Jokowi Slaps Down Minister on Press Freedom Threat

Indonesia’s President Joko Widodo headed off a potential firestorm of international criticism on Thursday when he forced the home ministry to rescind harsh new regulations that would have restricted the activities of visiting foreign journalists in the country.

The new rules, apparently issued without consulting the president, were reminiscent of the harsh restrictions under the authoritarian Suharto regime and were sharply criticized by rights groups and the Jakarta Foreign Correspondents Club.

The president’s quick action to head off a press freedom crisis and rein in the actions of a ministerial outlier could also set an important precedent. After a series of ministerial regulations that have damaged the country's international reputation and harmed investor confidence, the president could be fighting to grab the stick away from officials who often act on their own.

"This may be a watershed moment. These officials never apologize for their actions, no matter how damaging," said a senior Western business leader. "I hope Joko is finally taking charge."

The Home Affairs Minister Tjahjo Kumolo issued a rare climbdown, almost unheard of for Indonesian cabinet ministers. On the same day, the government signaled that a new set of incentives will soon be issued to try and lure wary investors into the country. Also in recent weeks, two courts have unwound trumped up charges against two international school teachers and dismissed a $125 million lawsuit that might have put their school, the prestigious Jakarta Intercultural School, out of business.

That case was watched closely by investors and diplomats who feared that a powerful local developer was attempting to use false sex abuse charges to grab the high-value real estate the school owns.

With a recent cabinet reshuffle that brought more liberal voices into the administration, international investors are hoping that the president, known as Jokowi, will also act swiftly to ease bureaucratic restrictions on foreigners and remove roadblocks that have made the country seem unwelcoming to investors.

"It’s perception and it's not good," a senior government official said this week, according to a western business leader. "We have lost the perception battle with investors. How do we get it back?”

Over the past two to three years, rising nationalist rhetoric, matched in some cases with actions restricting foreign room to navigate the Indonesian economy, has caused deepening concern among the multinationals. In 2013, Muhammadiyah, the nation’s second largest mainstream Muslim organization, used the Constitutional Court to overturn the nation’s upstream oil and gas regulator, a blow to multinational energy companies. Muhammadiyah has declared a “constitutional jihad” campaign to reverse decades of laws and regulations liberalizing the economy.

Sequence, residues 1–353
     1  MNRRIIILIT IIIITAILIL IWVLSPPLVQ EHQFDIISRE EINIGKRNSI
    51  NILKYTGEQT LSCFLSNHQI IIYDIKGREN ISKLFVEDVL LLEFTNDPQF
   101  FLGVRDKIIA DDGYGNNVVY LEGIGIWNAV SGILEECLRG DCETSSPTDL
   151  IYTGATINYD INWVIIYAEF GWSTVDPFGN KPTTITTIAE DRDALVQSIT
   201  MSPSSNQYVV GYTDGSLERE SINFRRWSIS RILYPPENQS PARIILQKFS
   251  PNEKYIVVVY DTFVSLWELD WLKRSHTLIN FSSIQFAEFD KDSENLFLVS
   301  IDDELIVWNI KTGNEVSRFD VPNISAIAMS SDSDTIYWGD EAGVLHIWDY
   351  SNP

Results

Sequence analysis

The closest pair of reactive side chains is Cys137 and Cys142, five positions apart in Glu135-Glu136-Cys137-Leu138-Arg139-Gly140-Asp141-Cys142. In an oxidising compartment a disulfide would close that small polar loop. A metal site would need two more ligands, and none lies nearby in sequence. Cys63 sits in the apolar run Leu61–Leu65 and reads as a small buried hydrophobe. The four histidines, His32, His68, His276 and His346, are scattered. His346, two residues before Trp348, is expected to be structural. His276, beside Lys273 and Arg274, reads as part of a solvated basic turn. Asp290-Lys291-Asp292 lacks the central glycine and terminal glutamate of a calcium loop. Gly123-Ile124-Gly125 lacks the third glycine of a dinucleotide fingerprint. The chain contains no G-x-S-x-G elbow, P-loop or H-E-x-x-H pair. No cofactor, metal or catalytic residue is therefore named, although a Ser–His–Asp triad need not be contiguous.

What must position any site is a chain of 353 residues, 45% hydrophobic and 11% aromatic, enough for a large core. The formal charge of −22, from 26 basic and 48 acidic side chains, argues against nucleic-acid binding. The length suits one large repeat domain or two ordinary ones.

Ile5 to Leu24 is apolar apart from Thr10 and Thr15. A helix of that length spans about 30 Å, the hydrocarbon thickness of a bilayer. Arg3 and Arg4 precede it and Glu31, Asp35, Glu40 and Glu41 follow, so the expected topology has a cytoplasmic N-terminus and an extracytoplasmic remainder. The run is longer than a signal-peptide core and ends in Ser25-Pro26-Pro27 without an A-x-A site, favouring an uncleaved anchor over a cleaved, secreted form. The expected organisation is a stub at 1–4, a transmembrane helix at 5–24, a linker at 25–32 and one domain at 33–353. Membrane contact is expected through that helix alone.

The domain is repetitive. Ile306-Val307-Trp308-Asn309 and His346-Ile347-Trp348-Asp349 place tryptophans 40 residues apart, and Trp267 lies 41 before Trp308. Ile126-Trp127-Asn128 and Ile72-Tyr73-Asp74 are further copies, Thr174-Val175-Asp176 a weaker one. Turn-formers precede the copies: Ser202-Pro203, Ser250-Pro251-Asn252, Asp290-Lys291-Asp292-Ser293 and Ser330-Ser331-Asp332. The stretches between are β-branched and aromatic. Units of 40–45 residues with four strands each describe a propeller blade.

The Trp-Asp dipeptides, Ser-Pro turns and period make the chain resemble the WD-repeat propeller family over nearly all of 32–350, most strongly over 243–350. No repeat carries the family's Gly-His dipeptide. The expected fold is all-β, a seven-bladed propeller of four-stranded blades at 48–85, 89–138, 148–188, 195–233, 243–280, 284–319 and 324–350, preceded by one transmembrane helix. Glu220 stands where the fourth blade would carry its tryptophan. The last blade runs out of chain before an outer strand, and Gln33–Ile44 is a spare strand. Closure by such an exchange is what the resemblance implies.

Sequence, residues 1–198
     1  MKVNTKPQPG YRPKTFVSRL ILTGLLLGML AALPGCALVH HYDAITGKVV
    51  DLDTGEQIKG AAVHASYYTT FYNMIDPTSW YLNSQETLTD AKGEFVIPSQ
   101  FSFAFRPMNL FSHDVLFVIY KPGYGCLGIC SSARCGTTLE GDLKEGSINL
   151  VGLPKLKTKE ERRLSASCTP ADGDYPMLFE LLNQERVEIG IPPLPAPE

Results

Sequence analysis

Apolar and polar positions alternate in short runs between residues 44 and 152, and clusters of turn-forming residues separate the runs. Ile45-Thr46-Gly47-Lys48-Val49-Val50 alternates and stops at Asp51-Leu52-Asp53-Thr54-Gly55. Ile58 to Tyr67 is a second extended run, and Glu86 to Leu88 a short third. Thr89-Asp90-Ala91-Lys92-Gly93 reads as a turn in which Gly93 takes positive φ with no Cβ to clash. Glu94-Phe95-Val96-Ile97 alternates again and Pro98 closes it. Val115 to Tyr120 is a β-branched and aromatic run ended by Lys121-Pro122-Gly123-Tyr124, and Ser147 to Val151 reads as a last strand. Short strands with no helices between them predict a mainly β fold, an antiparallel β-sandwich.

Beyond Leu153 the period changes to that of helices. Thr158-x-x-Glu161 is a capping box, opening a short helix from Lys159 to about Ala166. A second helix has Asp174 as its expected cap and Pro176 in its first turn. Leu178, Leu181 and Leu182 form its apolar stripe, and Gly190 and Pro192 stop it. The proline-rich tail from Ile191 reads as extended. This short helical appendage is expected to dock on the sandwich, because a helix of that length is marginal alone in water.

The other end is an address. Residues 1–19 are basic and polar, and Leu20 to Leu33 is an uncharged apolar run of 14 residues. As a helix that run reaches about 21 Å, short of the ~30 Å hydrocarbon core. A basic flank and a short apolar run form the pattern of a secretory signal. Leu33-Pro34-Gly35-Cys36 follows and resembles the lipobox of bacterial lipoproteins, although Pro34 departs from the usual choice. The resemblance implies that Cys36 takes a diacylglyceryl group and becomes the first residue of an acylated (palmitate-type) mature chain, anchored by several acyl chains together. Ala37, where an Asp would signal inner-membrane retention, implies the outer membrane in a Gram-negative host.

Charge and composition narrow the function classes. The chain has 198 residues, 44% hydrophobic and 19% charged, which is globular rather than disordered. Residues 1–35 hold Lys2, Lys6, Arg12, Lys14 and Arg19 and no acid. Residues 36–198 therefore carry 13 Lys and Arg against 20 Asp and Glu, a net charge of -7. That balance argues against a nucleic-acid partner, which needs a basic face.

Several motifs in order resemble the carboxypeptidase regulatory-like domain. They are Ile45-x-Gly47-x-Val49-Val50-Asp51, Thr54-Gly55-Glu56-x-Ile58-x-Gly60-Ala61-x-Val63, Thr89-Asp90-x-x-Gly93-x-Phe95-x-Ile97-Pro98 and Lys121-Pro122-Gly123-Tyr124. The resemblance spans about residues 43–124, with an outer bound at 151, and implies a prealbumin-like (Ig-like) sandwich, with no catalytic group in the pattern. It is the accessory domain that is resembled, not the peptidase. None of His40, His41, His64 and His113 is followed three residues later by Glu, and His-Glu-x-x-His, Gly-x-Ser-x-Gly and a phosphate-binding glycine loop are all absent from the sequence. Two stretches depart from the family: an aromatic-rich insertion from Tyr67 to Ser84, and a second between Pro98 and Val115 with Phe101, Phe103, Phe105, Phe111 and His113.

In April of this year the Constitutional Court ruled in favor of Muhammadiyah on a judicial review that overturned a 2004 Water Law that leaves soft drink bottlers, water companies and even privatized city water providers with no legal basis for the permits they rely on to do business. Numerous lawsuits have already gone after private companies on the basis of the ruling and potentially any private company using water for industrial use could be at risk until a new regulation is in place.

The press regulation in question, a circular sent out to regional administrations nationwide, demanded that foreign journalists and their local crews obtain permits issued by the Foreign Affairs and Home Affairs ministries before being allowed to report in the country. It also obliged foreign journalists to report their activities and acquire permits from all relevant levels of government, from the municipal or district level to the provincial level.

“The letter clearly implies disobedience of a president who is open to foreign coverage, as well as suspicion of the press and civilians,” Poengky Indarti, executive director of the rights group Imparsial, told local media on Thursday. “It will also lead to less investment and tourism income.” The rescinded circular, she said, “goes against President Joko Widodo’s position of welcoming foreign journalists covering Papua and other regions in the country.”

In a prepared statement, the Jakarta Foreign Correspondents Club said that the “continuation and expansion of restrictive state policies on visiting journalists is a sad reminder of the authoritarian Suharto regime, and a stain on Indonesia’s transition to democracy and claims by its government that it supports a free press and human rights.”